Road Eats

The Top 10 Things to Eat in New Orleans

One man's treasure trove.

By Bill Wiatrak February 23, 2015

Cafe du Monde

I was sitting in Central Grocery on Decatur in NOLA savoring the most delicious muffuletta I’ve ever held. As I unwrapped the giant $17 sandwich, I realized why I keep coming back to his town. There’s nothing anywhere in the world like it. I was on a whirlwind tour with less than 48 hours here, and as I sat in the 100-year-old store enjoying every sesame seed and drizzle of olive oil, I thought about the things I HAVE to eat when I come to New Orleans. Everyone has their own list, of course, but here are my 10 favorite places to eat in New Orleans:

1. Cafe Du MondeCan I really get excited about eating fried dough and waiting in line for an hour? Yes, I can. It’s an experience you simply have to have, or you really can’t say you’ve been to NOLA. While you can get beignets anywhere in New Orleans, Cafe Du Monde is the place to have them with your chicory blended coffee. There’s a reason they’ve been in business for 150 years.

2. Central GroceryFor years, I wondered why people stood outside the little Italian grocery store. One day I walked in and realized it wasn’t just a tourist trap like I'd thought. Now I show up before the lunch crowd arrives, and I rarely have to wait. The muffuletta was invented here for Italian workers in 1906. Central Grocery makes theirs with the best stuff, and the taste is unmatched. The sandwiches are so big that you can save half for dinner.

Commander's Palace

3. 25 Cent Martinis at Commander’s Palace: It’s nice to find a deal every once in a while when you’re in a city that’s not exactly known for being cheap. Commander’s Palace is probably the most famous—and one of the most expensive—restaurants in NOLA, but the lunch menu is a lot more affordable than the dinner menu, and you can get get a martini for 25 cents, which takes some sting out of the bill. There’s a limit of three, but that’s probably all you need at lunch anyway. While you’re there, try real turtle soup or a souffle. Its sister restaurant, Cafe Adelaide next to Harrah’s, offers some similar menu items at a lower price. And guess what? They have 25 cent martinis too!

Chargrilled oysters from Acme

4. Acme Chargrilled Oysters: For years, people have debated who has the best chargrilled oysters, Drago’s or Acme. I’ll go with Acme because it’s close to Bourbon street, has a better atmosphere, and offers dollar oyster shots. What’s an oyster shot? A raw oyster, a shot of vodka and Bloody Mary mix—a great way to start your meal. And the chargrilled oysters are hot, delicious, and covered with melted Romano cheese. What’s not to like?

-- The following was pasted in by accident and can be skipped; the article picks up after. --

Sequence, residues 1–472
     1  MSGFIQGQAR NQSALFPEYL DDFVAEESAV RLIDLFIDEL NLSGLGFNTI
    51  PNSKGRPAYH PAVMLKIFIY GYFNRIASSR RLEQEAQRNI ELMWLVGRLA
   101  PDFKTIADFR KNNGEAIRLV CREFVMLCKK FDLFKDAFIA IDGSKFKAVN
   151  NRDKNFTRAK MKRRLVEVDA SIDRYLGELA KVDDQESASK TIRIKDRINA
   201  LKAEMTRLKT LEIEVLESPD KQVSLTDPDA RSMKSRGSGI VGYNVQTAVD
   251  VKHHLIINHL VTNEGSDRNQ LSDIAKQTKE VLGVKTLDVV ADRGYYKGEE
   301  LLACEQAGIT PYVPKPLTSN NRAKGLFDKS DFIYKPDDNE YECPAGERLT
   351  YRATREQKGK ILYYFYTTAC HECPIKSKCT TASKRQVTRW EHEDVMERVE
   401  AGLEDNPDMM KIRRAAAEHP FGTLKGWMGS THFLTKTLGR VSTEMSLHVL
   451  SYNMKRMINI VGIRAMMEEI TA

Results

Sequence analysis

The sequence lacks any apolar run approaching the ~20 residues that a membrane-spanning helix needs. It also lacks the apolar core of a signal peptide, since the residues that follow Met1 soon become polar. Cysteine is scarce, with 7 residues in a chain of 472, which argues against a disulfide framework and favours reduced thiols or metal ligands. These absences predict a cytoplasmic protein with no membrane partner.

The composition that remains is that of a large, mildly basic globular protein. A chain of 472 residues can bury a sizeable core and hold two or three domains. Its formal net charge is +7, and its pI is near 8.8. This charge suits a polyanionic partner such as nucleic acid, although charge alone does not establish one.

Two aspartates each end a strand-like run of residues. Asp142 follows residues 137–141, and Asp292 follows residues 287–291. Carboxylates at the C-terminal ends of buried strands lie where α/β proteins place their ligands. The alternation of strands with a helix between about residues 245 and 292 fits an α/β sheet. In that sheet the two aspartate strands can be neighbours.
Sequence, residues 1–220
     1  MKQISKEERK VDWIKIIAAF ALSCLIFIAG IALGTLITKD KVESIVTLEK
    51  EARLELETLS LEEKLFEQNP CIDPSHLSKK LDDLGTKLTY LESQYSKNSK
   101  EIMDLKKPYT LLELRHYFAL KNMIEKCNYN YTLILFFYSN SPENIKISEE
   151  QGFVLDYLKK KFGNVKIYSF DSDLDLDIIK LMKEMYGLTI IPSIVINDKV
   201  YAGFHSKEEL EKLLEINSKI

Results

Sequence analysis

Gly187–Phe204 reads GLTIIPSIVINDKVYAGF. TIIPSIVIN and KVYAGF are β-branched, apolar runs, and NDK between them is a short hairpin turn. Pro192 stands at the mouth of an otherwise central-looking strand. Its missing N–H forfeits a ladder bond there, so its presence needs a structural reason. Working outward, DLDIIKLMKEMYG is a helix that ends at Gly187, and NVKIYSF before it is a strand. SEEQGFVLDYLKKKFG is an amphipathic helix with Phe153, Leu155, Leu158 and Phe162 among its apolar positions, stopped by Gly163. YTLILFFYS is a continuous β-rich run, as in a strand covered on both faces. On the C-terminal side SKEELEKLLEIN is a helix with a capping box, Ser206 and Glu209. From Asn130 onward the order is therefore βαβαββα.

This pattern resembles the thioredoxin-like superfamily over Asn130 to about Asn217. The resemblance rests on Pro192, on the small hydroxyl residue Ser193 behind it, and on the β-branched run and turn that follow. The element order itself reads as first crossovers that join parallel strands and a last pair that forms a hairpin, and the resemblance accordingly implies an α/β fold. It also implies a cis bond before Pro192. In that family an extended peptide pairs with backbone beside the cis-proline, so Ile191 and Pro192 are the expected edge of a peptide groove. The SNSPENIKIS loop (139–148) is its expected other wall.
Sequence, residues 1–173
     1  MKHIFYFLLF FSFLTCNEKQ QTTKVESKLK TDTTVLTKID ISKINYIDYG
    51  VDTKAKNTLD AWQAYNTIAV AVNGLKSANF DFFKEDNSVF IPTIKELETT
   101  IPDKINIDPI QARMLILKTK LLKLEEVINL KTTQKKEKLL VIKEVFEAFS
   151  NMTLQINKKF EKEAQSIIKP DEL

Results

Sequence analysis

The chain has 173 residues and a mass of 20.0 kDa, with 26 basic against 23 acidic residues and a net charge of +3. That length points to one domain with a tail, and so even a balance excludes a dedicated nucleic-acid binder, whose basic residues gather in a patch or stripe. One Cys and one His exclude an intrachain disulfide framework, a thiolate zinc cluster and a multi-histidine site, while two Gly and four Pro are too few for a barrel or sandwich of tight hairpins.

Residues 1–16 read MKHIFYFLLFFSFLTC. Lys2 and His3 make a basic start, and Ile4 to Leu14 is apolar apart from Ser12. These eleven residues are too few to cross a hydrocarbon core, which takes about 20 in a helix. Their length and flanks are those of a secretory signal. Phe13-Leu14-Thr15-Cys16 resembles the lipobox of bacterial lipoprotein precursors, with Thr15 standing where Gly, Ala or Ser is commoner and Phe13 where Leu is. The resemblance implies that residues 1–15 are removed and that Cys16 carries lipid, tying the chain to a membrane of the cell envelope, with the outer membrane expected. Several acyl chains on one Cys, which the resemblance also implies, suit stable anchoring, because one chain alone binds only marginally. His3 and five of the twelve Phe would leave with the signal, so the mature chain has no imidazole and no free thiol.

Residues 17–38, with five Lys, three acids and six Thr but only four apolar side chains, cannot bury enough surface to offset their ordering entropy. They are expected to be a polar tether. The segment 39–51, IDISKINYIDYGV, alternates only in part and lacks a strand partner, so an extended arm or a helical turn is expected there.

5. Jacques Imo’s Alligator Cheesecake: One of the most delicious things I’ve ever eaten in my life is about a 15-minute drive from the French Quarter. If you can get in the place, you’ll discover all kinds of wonderful treats. When I first heard about alligator cheesecake, I said no. After I tried it once, I can’t get it out of my mind.

Mother's famous Ferdi

6. Mother’s Ferdi Special: There are those who love Johnny’s and those who love Mother’s, but you really can’t go wrong with either restaurant. Mother’s has an amazing sandwich of roast beef debris, roast ham, and gravy that is so delicious, I crave it for breakfast. Called the Ferdi, it's named after a random customer named Mr. Ferdi who asked for ham to be added to his sandwich 50 years ago.

7. New Orleans Cooking School Bread Pudding: I’ve taken this “class” twice and was amazed at not only what I learned about the history of NOLA food, but everything created in this kitchen. The class is an entertaining way to spend a couple of hours, and the bread pudding is the absolute best I’ve ever had. The host will even give you a copy of the recipes, so you can impress your friends with your new skills.

8. Willie’s Chicken Shack Red Beans and Rice: I’m not exactly sure when Willie’s first appeared on Bourbon St., but one day it wasn’t there and suddenly it was everywhere. Late at night, you can get a Lucky Dog or a slice of pizza on the street, but—when in Louisiana, do as the Louisianans do, and all that—get some red beans and rice instead. You’ll be hard-pressed to find a better version anywhere in the Quarter without the hassle of sitting in a nice restaurant and acting like you’re sober.

9. Coop’s PastaI discovered Coop’s Place years ago and thought I was doing them a favor when I stopped in and ordered something. This little hole-in-the-wall  suddenly started getting all kinds of great reviews, and now there’s a  line to get in the door just like at all the other great places. The pastas are fantastic, especially anything with crawfish tails and tasso. Maybe you'll even find a place to sit.

10. Yo Mama’s Peanut Butter Hamburger: At first I was troubled that someone had mixed two of my favorite childhood foods together. Clearly, it wasn't a good match, not unlike mixing fish sticks and Twinkies. Guess what? It’s really good! Well, Indonesians have been mixing peanuts and beef together as satay for years, and no one’s complained. Here’s the American version of food blasphemy, right in the heart of the Quarter.

What’s your list? What do you crave when you leave New Orleans that you can’t seem to find anywhere else?


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